ISLAMABAD: Interior Minister Chaudhry Nisar Ali Khan on Saturday stated that the militant Islamic State (IS) group which is a Middle Eastern organisation, has no presence in Pakistan
“Daesh does not exist in Pakistan. Other terrorist groups, which are involved in activities against the state are using Daesh’s name and are causing death and destruction in the country,” the interior minister elaborated.
He said IS does not maintain the same level of presence in Pakistan as it does in other North African and Middle Eastern countries.
Earlier this week, the director general of the Intelligence Bureau (IB), Aftab Sultan, informed the Senate Standing Committee on Interior that the IS group was emerging as a threat in the country because several militant groups had soft corner for it.
The IB cheif specifically named Lashkar-i-Jhangvi and Sipah-i-Sahaba Pakistan as examples.
The interior ministry has been denying the presence of IS in Pakistan, saying that it was an Arab organisation. But Mr Sultan said the IB had busted a big IS network after several members reached Punjab following Karachi’s Safoora Goth carnage in May.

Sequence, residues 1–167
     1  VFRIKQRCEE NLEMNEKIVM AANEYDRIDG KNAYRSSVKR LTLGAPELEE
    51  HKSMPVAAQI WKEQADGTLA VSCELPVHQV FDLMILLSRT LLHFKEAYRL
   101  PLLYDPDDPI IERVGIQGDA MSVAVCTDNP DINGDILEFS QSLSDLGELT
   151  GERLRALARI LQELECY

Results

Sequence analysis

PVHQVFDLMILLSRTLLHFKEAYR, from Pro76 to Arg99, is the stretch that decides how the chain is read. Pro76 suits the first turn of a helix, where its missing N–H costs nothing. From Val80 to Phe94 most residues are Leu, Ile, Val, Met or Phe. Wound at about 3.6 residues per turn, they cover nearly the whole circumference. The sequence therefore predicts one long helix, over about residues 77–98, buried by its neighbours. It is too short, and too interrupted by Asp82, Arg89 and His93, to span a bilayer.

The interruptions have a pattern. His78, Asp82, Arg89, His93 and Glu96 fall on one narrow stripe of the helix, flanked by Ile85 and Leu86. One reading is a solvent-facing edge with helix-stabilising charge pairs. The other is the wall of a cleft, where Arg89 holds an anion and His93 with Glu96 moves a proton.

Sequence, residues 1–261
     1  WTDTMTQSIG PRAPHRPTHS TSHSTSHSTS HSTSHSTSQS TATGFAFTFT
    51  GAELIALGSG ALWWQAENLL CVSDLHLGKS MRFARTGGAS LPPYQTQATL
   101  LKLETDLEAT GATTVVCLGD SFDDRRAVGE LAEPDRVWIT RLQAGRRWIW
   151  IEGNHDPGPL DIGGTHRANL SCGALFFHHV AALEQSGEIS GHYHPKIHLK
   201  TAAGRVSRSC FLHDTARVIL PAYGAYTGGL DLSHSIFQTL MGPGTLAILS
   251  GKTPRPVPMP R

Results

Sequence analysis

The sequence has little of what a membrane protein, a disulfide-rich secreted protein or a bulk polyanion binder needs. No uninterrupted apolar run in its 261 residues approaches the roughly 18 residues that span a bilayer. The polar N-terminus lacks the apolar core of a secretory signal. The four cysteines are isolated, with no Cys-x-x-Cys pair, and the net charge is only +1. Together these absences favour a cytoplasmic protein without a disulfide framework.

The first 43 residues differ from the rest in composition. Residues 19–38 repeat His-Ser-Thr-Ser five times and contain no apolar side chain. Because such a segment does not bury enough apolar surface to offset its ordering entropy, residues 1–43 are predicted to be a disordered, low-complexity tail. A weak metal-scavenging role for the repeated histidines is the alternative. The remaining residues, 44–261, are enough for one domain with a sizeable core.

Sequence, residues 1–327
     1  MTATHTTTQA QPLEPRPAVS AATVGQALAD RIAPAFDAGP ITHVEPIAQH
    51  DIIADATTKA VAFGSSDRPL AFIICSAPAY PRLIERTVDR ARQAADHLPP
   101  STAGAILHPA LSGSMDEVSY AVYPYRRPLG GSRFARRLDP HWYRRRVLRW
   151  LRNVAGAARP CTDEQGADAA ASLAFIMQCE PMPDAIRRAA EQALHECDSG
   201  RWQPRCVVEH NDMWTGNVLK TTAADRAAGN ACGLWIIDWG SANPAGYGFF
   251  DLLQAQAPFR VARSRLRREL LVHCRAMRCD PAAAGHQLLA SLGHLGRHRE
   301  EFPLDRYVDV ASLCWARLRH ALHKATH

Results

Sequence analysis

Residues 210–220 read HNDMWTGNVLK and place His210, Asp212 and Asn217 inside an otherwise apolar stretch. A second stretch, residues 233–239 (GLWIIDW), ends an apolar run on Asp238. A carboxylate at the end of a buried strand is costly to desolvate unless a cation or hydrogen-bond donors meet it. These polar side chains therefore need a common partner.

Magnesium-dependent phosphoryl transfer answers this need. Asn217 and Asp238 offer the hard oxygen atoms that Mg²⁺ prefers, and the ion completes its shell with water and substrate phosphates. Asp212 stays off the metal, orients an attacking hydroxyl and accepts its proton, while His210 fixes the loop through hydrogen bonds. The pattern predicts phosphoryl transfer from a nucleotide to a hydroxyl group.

Sultan elaborated that terrorists were reorganising and stressed the need for a border control mechanism, particularly with Afghanistan, enhanced regional cooperation, implementation of the National Action Plan and de-radicalisation policy with a focus on counter-narrative.
Director General Inter-Services Public Relations (ISPR) Lt Gen Asim Bajwa had also stated in November 2015 that Pakistan has a zero tolerance for Daesh and the terrorist group has no acceptance in the country.
He had elaborated that the Pakistani society has totally rejected Daesh and there was no acceptance of the terror group in Pakistan.
He had also stated that action is expected against any visibility of Daesh in Pakistan.
It is pertinent to mention that the interior minister had stated the same in Novermber last year.
A claim on this region
IS has staked a claim to this region — which it refers to by its historical name of ‘Khorasan’ — as part of its expansionist agenda; and its territorial gains in Syria and Iraq, where it is putting its ultra-radical ideology into practice, offer a template for terrorist groups in Pakistan.
Among these is the Lashkar-i-Jhangvi, one of the main perpetrators of sectarian carnage in the country, whose links with the ‘IS-inspired’ militants have been disclosed by the police.
IS in January 2015 had also announced its organisational structure for ‘Khorasan’ led by a former leader of the banned Tehreek-i-Taliban Pakistan (TTP) from Orakzai, Hafez Saeed Khan. A former Afghan Taliban leader, Mullah Abdul Rauf Khadim, was named his deputy.